"Bemusement and amusement" was how a source at the Department of Transport greeted Julie O'Neill's appointment yesterday to the Ryanair board.
She's been described as having been well regarded during her tenure there.
And while Ryanair's Michael O'Leary has been asked a number of times in the past why the company has no women on its board, the appointment of O'Neill has certainly raised eyebrows.
She has probably come too late to the party to have any real ability to impact Ryanair's efforts to persuade mandarins in Brussels to allow it to proceed with efforts to acquire Aer Lingus.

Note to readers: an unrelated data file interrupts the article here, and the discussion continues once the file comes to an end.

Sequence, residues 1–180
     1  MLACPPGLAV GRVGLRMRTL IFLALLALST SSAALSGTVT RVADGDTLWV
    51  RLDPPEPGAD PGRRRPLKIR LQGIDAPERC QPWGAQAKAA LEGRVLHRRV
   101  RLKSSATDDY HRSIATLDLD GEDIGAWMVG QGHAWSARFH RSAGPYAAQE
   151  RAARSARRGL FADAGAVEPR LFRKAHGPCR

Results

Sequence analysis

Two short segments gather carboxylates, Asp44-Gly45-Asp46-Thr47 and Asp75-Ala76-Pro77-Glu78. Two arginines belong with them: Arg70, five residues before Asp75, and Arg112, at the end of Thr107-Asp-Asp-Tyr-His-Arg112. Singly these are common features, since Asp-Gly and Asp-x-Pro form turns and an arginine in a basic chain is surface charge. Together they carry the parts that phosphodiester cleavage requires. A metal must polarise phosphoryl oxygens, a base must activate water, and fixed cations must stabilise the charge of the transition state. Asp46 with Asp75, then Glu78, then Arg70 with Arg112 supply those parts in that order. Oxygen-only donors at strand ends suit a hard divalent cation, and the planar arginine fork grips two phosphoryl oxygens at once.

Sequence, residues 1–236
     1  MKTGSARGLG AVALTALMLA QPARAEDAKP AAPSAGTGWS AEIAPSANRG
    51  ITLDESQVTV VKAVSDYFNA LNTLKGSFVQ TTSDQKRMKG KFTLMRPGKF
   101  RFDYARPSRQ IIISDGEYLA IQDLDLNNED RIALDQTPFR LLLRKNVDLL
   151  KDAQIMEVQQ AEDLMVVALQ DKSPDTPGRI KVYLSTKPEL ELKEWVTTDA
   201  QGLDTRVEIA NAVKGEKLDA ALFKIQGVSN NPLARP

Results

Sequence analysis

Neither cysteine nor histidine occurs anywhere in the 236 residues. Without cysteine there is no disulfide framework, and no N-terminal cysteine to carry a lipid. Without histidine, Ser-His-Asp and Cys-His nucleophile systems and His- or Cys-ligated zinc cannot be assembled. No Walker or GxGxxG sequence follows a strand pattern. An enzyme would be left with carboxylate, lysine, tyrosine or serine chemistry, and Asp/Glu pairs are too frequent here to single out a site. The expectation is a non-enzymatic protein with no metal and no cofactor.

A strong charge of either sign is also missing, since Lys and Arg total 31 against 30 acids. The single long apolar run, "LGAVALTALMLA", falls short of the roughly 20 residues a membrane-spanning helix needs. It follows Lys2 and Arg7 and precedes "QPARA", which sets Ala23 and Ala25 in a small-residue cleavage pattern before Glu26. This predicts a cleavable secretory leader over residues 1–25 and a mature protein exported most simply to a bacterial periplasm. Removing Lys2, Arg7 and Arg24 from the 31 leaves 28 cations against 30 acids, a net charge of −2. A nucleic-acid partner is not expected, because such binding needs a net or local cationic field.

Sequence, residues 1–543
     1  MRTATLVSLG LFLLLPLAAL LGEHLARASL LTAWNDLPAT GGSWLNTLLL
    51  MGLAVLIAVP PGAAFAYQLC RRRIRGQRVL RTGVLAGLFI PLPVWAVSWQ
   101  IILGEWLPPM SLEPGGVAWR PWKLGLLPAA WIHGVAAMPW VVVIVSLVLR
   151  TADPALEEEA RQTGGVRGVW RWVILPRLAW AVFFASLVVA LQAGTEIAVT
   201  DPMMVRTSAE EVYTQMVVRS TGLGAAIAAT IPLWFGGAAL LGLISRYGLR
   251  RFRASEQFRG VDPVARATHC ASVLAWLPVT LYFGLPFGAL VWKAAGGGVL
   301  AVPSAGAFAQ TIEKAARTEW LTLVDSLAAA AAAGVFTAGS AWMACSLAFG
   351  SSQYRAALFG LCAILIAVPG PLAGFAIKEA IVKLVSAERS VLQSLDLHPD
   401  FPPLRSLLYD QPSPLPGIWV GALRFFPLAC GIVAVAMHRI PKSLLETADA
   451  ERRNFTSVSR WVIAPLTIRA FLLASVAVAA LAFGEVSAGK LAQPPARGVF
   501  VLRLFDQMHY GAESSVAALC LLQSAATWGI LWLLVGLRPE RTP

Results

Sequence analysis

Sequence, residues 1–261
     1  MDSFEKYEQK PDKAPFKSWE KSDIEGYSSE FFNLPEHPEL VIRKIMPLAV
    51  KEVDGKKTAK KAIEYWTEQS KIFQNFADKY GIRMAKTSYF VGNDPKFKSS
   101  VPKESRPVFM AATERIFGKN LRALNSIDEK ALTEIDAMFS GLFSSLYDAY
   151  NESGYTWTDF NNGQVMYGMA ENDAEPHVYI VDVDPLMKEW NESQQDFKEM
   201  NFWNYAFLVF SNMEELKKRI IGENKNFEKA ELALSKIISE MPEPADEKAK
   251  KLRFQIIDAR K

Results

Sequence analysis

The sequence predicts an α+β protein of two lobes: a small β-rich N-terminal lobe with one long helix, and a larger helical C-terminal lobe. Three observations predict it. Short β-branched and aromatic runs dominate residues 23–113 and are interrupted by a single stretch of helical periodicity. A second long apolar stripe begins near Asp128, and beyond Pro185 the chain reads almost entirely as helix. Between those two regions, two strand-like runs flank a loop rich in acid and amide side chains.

And with O'Leary having made plain his opinion on Transport Minister Leo Varadkar last week, one could assume that O'Neill could be useful in any bridge-building exercises with the department.
But let's face it, O'Leary is hardly one to worry much about reconciliation.
O'Neill was in hot water at the department when it emerged in 2007 that she knew about an Aer Lingus decision to axe a Shannon-Heathrow service weeks before she informed then Transport Minister Noel Dempsey.
Still, however O'Neill advises the Ryanair board as a member, she'll no doubt have some keen insights.